Hand grazing wheat field - ADM

Source: ADM

American agribusiness ADM has expanded its regenerative agriculture programme to the UK and Poland, which aims to create a more sustainable food system.

The company said the climate-smart initiative provides financial and technical support to farmers who are taking positive steps to reduce their carbon footprint, improve water quality, and promote soil health and biodiversity.

ADM initially launched the programme in North America in 2022, where it successfully enrolled more than one million acres of farming land in implementing regenerative agriculture practice – it then doubled this coverage last year.

As a key part of its overall target of four million acres globally by 2025, ADM has now begun rolling out its programme at farms across Europe. For example, it will work with key partners in the UK and Poland to utilise remote data collection and easy-to-understand reporting systems so that participating growers can gain crucial insights into the carbon footprints and Sustainability performance of their crops, as well as monitoring soil health and biodiversity.

Alongside reporting on key performance indicators such as carbon emissions, nitrogen use efficiency, and yield, the programme also empowers growers to benchmark these metrics and offer guidance to help them continue to reduce their on-farm emissions.

“With a value chain that stretches from hundreds of thousands of producers to downstream customers, ADM is well placed to scale regenerative agriculture practices around the globe,” said Candy Siekmann, director of Climate Smart Ag Origination at ADM.

“Farmers are at the center of our business. They’re the leaders of this effort, and our success will be built on their advancement of regenerative agriculture practices that will benefit their businesses and their legacies for their families,” he added.

A combine harvester deposits wheat in a tractor pulled truck - ADM

Source: ADM

The programme sees growers rewarded for implementing regenerative agricultural practices such as conservation tillage, cover crops, and companion cropping across their milling wheat and oilseed rape. These actions will be verified using the latest satellite technology, with enrolled producers receiving incentive payments for each hectare farmed.

Designed to work alongside new and evolving farm support programmes, ADM’s initiative will help ensure growers get the support they need to undertake practices that maintain the resilience of the company’s UK supply chain. This includes one-to-one technical advice provided through a partnership with UK-based regenerative agriculture advisory company, Ceres Rural, featuring site assessments and regular training sessions.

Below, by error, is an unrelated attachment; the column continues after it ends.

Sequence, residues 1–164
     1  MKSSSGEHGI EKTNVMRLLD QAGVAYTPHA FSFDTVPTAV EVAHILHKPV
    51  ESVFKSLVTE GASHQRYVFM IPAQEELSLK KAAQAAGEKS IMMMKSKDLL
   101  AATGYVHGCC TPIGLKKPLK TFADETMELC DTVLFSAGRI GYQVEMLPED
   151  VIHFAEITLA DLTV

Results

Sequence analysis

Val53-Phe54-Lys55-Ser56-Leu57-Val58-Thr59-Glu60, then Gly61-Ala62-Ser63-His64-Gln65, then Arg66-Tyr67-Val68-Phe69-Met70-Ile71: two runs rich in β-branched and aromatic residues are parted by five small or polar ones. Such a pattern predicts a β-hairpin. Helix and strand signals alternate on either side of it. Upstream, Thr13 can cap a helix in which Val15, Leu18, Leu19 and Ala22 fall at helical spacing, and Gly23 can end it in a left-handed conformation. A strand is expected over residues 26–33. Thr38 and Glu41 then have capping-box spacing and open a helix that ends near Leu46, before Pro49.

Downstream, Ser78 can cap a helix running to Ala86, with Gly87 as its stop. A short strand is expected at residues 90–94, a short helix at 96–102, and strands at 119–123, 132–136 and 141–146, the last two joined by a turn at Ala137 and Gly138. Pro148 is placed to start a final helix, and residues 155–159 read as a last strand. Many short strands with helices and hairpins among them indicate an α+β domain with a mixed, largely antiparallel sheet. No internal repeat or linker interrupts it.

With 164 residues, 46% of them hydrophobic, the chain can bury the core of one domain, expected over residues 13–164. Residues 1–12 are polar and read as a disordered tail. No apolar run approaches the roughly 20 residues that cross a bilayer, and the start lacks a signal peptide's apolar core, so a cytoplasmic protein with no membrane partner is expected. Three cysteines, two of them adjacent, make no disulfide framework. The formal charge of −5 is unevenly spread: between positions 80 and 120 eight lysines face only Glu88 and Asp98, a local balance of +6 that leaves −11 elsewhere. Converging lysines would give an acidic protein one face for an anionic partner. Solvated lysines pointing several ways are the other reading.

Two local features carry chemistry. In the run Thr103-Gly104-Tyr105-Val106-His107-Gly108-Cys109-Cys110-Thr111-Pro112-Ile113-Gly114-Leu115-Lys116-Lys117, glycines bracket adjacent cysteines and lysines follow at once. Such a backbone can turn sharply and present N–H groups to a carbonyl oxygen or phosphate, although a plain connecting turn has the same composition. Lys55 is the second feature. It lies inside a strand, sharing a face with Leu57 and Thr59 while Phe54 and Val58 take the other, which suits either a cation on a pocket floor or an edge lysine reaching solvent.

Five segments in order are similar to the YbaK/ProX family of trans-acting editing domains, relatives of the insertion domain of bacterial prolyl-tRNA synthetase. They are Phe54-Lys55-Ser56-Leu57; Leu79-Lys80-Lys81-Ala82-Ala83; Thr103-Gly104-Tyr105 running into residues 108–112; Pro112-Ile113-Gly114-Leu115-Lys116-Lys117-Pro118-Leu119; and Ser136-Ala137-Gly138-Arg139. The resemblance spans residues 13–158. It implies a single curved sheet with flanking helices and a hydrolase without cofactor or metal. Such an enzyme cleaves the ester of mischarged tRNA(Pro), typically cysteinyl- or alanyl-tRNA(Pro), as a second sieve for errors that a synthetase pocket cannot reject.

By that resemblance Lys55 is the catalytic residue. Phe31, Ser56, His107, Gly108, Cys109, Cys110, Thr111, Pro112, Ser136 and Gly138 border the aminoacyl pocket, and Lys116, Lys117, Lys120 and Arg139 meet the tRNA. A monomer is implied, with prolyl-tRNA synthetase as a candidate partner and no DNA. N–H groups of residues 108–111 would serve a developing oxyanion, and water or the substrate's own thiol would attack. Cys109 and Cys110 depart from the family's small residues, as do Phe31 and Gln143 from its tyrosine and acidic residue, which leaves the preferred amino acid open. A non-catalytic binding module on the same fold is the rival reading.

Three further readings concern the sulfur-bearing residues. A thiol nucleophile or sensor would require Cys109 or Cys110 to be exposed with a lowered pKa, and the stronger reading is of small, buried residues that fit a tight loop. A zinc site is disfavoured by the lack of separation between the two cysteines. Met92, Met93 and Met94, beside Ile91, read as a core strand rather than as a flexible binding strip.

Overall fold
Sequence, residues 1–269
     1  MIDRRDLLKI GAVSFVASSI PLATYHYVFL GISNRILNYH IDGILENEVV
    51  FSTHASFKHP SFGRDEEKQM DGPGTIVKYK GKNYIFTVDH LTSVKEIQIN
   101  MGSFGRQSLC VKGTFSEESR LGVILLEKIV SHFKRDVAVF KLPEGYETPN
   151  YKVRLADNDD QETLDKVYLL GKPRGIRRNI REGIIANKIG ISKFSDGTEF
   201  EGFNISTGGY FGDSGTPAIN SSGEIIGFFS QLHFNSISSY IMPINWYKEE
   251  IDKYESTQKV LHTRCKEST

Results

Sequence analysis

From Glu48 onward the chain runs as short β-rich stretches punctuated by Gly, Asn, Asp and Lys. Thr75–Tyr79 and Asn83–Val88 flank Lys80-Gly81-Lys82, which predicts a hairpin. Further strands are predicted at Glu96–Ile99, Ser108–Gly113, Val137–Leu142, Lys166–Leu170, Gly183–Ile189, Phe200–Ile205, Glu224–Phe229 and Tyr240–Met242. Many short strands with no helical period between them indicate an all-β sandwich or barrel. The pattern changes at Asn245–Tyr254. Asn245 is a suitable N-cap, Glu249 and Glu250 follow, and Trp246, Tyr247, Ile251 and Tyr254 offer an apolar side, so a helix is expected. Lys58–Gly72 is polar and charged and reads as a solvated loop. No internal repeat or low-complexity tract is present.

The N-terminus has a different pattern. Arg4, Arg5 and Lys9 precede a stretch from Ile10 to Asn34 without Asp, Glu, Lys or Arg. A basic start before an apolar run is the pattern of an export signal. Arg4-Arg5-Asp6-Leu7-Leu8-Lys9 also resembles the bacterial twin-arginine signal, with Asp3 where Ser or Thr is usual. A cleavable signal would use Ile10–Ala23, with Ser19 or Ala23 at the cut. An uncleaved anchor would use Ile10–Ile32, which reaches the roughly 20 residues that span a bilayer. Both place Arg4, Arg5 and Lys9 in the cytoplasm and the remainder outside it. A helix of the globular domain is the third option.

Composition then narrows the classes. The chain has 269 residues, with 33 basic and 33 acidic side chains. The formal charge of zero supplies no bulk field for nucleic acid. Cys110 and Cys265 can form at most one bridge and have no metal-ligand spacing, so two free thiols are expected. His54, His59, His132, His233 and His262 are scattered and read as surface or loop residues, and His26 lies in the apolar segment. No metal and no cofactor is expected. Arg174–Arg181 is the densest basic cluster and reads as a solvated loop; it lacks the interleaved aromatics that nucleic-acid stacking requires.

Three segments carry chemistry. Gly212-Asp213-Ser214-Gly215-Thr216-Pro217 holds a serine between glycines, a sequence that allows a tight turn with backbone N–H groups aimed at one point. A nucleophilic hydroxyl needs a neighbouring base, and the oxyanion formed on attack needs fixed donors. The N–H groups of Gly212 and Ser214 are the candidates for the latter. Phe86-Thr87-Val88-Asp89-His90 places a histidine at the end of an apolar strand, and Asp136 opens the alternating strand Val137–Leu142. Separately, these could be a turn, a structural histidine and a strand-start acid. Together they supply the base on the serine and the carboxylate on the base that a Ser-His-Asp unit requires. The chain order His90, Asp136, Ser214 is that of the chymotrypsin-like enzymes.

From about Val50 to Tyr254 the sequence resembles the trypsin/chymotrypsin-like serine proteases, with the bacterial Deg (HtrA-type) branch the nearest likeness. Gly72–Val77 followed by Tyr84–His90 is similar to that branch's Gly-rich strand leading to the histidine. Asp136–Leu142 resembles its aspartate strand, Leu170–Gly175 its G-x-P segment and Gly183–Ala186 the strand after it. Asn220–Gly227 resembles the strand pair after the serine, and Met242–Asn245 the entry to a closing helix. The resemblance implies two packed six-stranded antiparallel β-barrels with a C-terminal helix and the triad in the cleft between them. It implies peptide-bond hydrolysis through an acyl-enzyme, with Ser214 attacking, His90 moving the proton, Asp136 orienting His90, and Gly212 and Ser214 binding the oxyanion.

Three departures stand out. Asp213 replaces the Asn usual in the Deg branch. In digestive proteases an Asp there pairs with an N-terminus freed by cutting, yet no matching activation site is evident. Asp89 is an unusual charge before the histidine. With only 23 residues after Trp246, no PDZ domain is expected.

ADM’s ambition is to scale up the programme using a ‘scorecard’ concept to widen the range of commodities it is sourcing from farm suppliers while tracking and reporting on their validated regenerative practices.

A growing population

Anna Bykowska, commercial manager at ADM Direct Polska, said they were proud of their farmer-centric approach in Poland and the relationships they have built with individual farmers over the years. “Together we are supporting each other to produce crops that will provide food to a growing global population, while maintaining the health of the soil for generations to come,” she commented, adding that they are looking to expand the program to other crops such as corn or sunflower, which she noted were both playing an increasing role in the Polish agricultural industry.

Founded in Minneapolis in 1902, ADM has grown to become one of the world’s largest grain traders and processors of food commodities with a current turnover of $97.2bn. It recently agreed to the purchase of UK-based flavour and ingredients firm FDL as the latest expansion of its portfolio of businesses specialising in human and animal nutrition.

As highlighted in our Top Bakery Trends 2024 report, sustainability is no longer merely a ‘nice to have’ in the baking industry with retailers and consumers demanding more from their bakery suppliers. Regenerative farming in particular is gaining widespread recognition for its benefits to reducing emissions in the bakery supply chain, with UK flour supplier Wildfarmed winning Sustainability Initiative of the Year at the Baking Industry Awards 2023